Longitudinal effects of aripiprazole on enhancing memory and brain connectivity in first-episode psychosis

Schizophrenia is a debilitating psychiatric disorder characterized by positive (hallucinations, delusions), negative (lack of motivation, flat affect), and cognitive (impaired memory and attention) symptoms. Aripiprazole, a dual-action antipsychotic, shows promise in enhancing brain structure and memory in schizophrenia, which may have downstream positive effects on negative symptoms and outcome. However, the mechanisms and timing underlying these potential effects have yet to be determined. This research aims to assess the effects of aripiprazole on brain structure, memory, negative symptoms, and functioning over a 15-month period following a first episode of psychosis. This work could identify both direct (positive, cognitive) and indirect (negative, outcome) effects of aripiprazole and highlight early treatment targets for schizophrenia. The partner organization will benefit from this project as they will be provided with scientific evidence on the potential benefits of their medication, particularly in areas that have traditionally not been targeted by pharmaceuticals. Identifying medications that target multiple symptoms of psychosis will benefit patients directly by promoting more comprehensive treatments and potentially better recovery and would benefit the larger community by reducing the burden on caregivers and the strain on the healthcare system.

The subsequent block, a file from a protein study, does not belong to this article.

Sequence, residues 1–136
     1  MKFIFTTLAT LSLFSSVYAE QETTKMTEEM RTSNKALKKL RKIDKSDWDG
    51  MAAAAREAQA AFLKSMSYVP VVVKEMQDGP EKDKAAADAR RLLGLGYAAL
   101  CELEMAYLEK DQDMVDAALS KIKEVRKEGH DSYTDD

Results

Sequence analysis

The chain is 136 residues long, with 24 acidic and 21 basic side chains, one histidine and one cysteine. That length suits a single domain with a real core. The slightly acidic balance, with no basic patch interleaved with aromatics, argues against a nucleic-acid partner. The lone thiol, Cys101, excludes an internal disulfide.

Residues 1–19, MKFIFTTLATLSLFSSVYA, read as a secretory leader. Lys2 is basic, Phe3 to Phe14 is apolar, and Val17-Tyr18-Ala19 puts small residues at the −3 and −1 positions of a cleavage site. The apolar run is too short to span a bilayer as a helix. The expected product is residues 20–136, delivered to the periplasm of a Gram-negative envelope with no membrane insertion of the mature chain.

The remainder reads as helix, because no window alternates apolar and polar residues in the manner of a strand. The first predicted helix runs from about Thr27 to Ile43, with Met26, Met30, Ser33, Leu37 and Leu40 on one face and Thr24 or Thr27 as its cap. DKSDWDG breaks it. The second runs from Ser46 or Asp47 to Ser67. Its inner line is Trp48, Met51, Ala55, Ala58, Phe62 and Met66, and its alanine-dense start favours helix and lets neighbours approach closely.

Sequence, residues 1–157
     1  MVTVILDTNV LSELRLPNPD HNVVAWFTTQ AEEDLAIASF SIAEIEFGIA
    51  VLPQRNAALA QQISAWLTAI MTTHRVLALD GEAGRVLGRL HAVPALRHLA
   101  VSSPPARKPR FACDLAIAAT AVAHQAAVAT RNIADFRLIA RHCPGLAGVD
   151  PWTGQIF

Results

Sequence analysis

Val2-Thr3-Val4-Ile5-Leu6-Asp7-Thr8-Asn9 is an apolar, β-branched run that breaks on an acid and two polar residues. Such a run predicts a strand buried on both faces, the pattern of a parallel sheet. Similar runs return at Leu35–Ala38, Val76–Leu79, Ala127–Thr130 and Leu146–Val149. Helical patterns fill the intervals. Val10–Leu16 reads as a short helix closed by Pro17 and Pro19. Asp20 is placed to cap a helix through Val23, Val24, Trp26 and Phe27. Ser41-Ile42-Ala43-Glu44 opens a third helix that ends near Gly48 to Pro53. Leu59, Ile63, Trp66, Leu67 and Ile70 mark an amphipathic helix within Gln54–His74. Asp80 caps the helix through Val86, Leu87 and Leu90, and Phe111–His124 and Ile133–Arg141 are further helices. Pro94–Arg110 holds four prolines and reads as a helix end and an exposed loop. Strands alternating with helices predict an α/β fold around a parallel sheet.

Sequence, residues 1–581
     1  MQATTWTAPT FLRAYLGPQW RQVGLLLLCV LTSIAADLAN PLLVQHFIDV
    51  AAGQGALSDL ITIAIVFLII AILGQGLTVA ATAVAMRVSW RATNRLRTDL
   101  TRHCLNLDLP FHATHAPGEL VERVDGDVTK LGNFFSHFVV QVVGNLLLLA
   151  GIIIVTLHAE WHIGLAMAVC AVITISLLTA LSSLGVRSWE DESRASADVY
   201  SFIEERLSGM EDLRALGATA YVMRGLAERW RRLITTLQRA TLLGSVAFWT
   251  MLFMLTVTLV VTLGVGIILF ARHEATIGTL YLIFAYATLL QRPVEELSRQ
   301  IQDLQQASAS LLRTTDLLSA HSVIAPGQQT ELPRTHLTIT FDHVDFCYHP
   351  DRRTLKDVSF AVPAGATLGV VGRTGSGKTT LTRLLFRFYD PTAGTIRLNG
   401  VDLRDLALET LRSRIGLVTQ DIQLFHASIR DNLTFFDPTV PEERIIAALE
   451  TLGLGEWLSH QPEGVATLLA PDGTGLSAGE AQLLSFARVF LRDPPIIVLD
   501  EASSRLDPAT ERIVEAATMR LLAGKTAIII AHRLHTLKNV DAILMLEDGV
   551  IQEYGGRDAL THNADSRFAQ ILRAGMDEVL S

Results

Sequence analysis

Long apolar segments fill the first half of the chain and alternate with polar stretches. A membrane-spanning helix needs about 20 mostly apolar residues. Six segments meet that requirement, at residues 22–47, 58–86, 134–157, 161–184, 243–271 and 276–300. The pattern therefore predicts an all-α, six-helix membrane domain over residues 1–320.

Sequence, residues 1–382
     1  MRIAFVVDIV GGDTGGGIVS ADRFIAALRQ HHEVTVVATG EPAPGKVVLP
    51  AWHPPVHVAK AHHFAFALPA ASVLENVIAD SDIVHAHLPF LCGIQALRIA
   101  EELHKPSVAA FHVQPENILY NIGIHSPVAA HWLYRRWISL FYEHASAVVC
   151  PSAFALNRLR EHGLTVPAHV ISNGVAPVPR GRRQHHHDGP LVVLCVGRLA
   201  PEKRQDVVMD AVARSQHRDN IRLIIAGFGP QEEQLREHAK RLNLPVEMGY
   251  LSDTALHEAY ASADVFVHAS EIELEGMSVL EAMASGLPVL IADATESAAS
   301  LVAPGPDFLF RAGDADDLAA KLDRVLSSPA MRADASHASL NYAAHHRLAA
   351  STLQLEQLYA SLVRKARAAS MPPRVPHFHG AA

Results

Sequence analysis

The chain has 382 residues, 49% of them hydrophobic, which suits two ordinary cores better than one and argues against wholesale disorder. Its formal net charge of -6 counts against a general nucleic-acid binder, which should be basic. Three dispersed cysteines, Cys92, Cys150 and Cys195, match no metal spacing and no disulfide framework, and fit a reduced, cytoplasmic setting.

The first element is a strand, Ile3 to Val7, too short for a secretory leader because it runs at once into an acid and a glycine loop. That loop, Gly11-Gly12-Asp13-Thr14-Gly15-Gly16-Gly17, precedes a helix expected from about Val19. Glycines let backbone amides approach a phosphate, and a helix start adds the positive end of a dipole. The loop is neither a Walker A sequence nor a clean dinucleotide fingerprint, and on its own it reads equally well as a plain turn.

Faculty Supervisor:

Martin Lepage


Katie Lavigne


Otsuka Canada Pharmaceutical Inc




Professional, scientific and technical services


McGill University


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